Mark A. Siegel, who until last week was President Carter's chief White House link to the American Jewish community, has decided to resign from the White House staff because of his disagreements with the administration's Middle East policy.

Siegel drafted his letter of resignation yesterday. It was not made public by the White House because the president asked to see Siegel today before the resignation is officially announced.

Although the letter was not made public, it was learned that Siegel's decision to resign was triggered by his disagreement with the administration's proposed Middle East arms sale package involving the supplying of warplanes not only to Israel but to Egypt and Saudi Arabia.

Moreover, Siegel was said to believe that he had been provided misleading information about the proposed sale of sophisticated F15 fighter planes to the Saudis by Zbigniew Brzezinski, the president's national security affairs adviser, and the National Security Council staff.

An official announcement of Siegel's resignation was expected yesterday but was not made.In the afternoon, Siegel met with his immediate superior, White House political adviser Hamilton Jordan, as well as presidential press secretary Jody Powell and others. It was then that the announcement was delayed.

However, Siegel's intentions did not appear to be in doubt. In an interview yesterday, he confirmed the resignation plans and said he was not being forced out of the White House.

"It was my decision and Hamilton agrees," he said.

Earlier in the day, Powell left no doubt that Siegel's future at the White House was in question.

Where we go from here, I can't answer," he told reporters. "We're trying to figure out what is the best thing to do. . . We're trying to figure out the decent course of action."

By the end of the day, all Powell would say was "I have nothing to add."

Siegel's future at the White House became a major question mark when it became known Tuesday that last week he informed Jordan that he would no longer serve as the White House liaison with Jewish groups.

Siegel voted his disagreement with the Middle East arms sale package and his belief that while he was expected to defend the president's policies before Jewish groups he had no meaningful role in developing those policies within the White House.

At the time of his March 1 meeting with Jordan, Siegel asked to be assigned to new duties on Jordan's immediate staff. But in the days since then, he changed his mind, finally concluding that he could not serve Carter effectively in any capacity.

Jordan informed the president Tuesday of Siegel's intention to resign, and Carter, at least then, made no attempt to prevent it.

Siegel's planned resignation comes at a critical, time in the Middle East peace negotiations process. It also represents the first public rupture in the Carter administration, where public disagreements among aides are not tolerated by the president or his immediate assocates.

The administration will send its Middle East arms sales proposals to Congress early next month, when it is expected to set off an emotion-charged debate. Carter's insistance that the sale is a "package"-and that Israel will be denied additional warplanes if the sales to Egypt and Saudi Arabia are blocked - has mobilized Israel's strongest supporters against the president.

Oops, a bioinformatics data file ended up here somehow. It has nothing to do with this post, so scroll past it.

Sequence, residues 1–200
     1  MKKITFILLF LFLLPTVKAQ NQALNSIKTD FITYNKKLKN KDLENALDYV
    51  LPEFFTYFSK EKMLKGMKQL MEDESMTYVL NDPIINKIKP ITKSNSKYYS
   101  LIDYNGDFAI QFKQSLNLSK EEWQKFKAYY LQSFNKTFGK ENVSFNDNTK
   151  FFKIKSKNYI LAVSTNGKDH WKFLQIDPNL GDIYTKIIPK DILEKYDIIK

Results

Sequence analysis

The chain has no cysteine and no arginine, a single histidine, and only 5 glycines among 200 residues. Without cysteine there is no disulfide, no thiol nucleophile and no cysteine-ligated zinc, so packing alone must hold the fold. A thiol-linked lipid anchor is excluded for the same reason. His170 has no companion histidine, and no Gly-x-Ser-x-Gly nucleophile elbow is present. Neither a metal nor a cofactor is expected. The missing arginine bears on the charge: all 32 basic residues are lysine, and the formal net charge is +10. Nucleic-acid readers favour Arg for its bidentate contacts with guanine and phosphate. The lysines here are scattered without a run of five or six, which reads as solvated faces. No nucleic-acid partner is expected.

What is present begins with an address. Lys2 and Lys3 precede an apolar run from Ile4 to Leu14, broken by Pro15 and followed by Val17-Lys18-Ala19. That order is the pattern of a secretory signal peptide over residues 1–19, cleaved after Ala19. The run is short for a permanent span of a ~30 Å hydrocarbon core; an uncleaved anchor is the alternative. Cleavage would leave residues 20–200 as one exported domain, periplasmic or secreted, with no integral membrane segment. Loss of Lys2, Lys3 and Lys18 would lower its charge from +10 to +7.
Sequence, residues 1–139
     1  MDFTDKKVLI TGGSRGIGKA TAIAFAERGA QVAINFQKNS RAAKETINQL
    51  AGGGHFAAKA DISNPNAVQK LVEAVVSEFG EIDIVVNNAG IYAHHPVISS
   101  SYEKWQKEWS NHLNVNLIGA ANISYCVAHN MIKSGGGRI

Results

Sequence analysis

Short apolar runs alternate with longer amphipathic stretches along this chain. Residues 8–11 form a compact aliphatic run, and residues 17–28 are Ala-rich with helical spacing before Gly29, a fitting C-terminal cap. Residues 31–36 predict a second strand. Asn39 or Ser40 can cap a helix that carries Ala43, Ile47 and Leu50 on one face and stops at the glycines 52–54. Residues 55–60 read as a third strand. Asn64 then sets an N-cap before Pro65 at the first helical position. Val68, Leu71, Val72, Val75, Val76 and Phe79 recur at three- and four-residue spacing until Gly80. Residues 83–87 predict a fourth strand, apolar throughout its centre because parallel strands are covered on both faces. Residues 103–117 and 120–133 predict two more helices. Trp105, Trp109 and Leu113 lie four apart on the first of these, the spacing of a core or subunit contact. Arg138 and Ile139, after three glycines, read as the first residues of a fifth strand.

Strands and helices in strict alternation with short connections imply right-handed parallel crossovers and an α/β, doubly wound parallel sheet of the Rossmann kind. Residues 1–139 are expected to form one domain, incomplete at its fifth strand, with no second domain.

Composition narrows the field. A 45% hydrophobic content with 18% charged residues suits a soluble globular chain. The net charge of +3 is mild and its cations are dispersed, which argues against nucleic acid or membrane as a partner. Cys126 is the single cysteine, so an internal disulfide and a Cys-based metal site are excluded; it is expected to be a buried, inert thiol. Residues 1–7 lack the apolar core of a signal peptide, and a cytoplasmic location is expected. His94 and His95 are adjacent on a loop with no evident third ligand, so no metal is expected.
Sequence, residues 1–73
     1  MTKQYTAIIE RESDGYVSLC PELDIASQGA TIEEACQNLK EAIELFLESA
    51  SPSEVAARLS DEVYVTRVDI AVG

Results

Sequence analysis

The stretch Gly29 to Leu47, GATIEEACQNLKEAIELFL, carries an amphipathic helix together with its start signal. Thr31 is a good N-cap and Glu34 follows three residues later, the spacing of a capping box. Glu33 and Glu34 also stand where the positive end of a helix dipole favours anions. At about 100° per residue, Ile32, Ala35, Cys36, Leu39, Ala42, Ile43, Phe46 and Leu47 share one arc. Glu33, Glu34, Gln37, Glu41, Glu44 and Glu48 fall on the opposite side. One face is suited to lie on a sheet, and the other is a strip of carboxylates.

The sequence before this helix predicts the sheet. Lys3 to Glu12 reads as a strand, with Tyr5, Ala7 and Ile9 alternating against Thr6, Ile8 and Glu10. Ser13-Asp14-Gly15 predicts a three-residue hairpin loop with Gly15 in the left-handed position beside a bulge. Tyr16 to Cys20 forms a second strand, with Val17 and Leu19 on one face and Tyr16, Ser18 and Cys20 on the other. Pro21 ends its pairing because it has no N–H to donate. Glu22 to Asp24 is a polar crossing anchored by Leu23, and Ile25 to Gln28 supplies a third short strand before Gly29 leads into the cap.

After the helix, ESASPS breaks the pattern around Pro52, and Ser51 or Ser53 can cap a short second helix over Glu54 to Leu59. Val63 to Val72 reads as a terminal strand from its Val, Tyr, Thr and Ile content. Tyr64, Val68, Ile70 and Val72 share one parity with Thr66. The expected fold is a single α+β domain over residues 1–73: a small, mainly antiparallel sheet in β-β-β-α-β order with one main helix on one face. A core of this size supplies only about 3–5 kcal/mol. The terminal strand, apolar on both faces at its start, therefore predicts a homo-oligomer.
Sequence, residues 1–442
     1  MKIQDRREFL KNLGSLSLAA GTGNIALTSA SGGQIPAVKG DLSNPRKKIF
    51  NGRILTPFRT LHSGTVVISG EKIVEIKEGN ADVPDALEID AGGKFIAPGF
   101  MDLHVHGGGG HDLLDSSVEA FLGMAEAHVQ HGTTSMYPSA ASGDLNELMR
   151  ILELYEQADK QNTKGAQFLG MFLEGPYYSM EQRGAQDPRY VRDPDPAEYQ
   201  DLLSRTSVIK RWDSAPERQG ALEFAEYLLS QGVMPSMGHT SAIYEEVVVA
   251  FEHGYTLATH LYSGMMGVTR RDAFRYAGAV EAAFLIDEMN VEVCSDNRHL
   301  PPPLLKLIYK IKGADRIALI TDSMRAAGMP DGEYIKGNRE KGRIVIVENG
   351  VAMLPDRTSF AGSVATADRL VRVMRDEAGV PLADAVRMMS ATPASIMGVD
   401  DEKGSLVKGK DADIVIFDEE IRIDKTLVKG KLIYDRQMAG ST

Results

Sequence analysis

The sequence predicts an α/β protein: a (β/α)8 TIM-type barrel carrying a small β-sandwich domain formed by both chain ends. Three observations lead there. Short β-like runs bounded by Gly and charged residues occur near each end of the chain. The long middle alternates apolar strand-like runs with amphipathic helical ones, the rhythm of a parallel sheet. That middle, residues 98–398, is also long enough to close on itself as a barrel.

Moreover, next week Carter is to meet in Washington with Israeli Prime Minister Menachem Begin and is expected to press Begin for concessions on the issue of Jewish settlements in occupied Arab territories.

Although the arms sale was the catalyst, Siegel's decision to resign was the culmination of months of misgivings over the direction of the administration's policy in the Middle East.

For months, Siegel has been bombarded with complaints from his Jewish contacts about those policies. He has also harbored a deep distrust and dislike for Brzezinski, believing Brzezinski to be responsible for what he considered a drift away from total U.S. support of Israel.

The 31-year-old Siegel, a former executive director of the Democratic National Committee, is one of the two or three most politically liberal members of the White House staff. He had other disagreements with Carter on matters of policy. But Israel's survival is a deeply emotional commitment of Siegel's, the one issue, he has told friends, that would cause him to break publicly with the president.

He has acknowledged that he cannot be "neutral" about the Israeli cause and he considered himself the only strongly pro-Israeli adviser around Carter.

What caused Siegel to change his mind since last week about staying on the White House staff was not clear yesterday. In recent conversations with friends, he has referred to himself as "a lone voice of dissent on a matter of conscience," strongly suggesting that there is little room for disagreement in the Carter White House.

Siegel's resignation clearly will deepen the division between the administration and the American Jewish community. One sign of their strained relationship was the confirmation yesterday that a $1,000-a-plate Democratic Party fund raiser scheduled for May 22 in New York has been postponed until December because of fears that Jewish contributors would boycott it to protest Carter's Middle East policies.